The western state primaries represented another step in forts to amass support in the race to the nomination, with both Trump and Clinton hoping that they may tally an outright majority of their party's respective delegates before the summer conventions get contentious. But Cruz and Sanders both got some great news that can help stall the momentum each of their rivals have received with recent wins.
With five candidates from two parties remaining in the 2016 presidential race, yesterday's nominating contests spread the victories around. Everyone except John Kasich woke up this morning with something to brag about.
But as the dust settles on this week's primaries and caucuses, the frontrunners also took one step closer to their goal.
Among Republicans, yesterday's two contests went exactly the way everyone expected them to go. Donald Trump, who was expected to win easily in Arizona did exactly that, beating Ted Cruz by more than 20 points. This is no small prize: the primary in the Grand Canyon State was the first major contest in the West, and with 58 delegates on the line, Trump walks away with all of them in the winner-take-all affair.
Cruz mitigated the damage by winning the Utah caucuses in a one-sided landslide, crushing Kasich by more than 50 points (Trump came in third for only the fourth time this year). The key for the Texas senator was clearing the 50% threshold that would allow him to receive all of Utah's delegates, which he did easily, ending up with roughly 70% of the vote.
That will give Team Cruz some bragging rights, but the fact remains that Trump added a net gain of 18 delegates last night, padding his advantage over his next closest rival. Cruz doesn't need a morale boost; he needs to narrow the gap. Tuesday's contests actually left the senator worse off.
Among Democrats, the results were also in line with expectations, and just as importantly, they fit into a familiar pattern.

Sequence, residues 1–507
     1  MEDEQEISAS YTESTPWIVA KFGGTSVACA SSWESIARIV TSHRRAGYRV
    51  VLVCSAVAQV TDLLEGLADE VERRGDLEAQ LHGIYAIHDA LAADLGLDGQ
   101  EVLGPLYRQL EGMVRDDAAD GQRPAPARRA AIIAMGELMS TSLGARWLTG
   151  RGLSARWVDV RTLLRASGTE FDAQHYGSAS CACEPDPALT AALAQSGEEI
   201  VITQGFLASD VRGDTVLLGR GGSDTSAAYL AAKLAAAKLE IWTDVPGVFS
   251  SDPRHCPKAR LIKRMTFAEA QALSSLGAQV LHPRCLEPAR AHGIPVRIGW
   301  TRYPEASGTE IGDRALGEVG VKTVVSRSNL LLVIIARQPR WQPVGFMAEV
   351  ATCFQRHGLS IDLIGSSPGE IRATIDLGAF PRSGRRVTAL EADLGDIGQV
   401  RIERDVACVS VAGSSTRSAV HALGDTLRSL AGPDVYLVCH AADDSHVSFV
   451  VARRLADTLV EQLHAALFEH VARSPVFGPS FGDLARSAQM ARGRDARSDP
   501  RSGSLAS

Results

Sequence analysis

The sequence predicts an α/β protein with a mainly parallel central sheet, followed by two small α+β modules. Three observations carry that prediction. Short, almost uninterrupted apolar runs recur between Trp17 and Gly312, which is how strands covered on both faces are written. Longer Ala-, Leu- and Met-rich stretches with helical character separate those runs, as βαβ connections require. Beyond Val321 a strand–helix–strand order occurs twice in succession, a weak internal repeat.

For months, Bernie Sanders has won easily in caucus states with smaller, less diverse populations, and yesterday was no exception: the Vermont senator walloped Hillary Clinton in Idaho and Utah by roughly 60% margins in both contests. Anytime a presidential candidate wins a state with a landslide that large, it's impressive.
But the big prize was Arizona -- a primary state with a larger, more diverse population -- where Clinton appears to have prevailed by about 18 points. The defeat must sting a little for Sanders, who invested heavily in the state -- the senator's campaign outspent Team Clinton in Arizona TV airtime by a two-to-one margin -- but who nevertheless came up short.
At a distance, Sanders' supporters may conclude that two landslide victories and one landslide loss represents a pretty good day, and there's some truth to that. But as things stand, the net delegate gain from these contests is quite modest, and doesn't change the nature of the race in any meaningful way.
Team Sanders emphasizes that the calendar, at least in the short term, looks favorable: Alaska, Hawaii, and the state of Washington each hold caucuses this Saturday, and according to both campaigns, the Vermonter is likely to win each of these contests with relative ease. But given Sanders' delegate deficit, he has an enormous amount of ground to make up and these wins represent only modest steps.
Or put another way, the presidential race now looks an awful lot like it did 24 hours ago.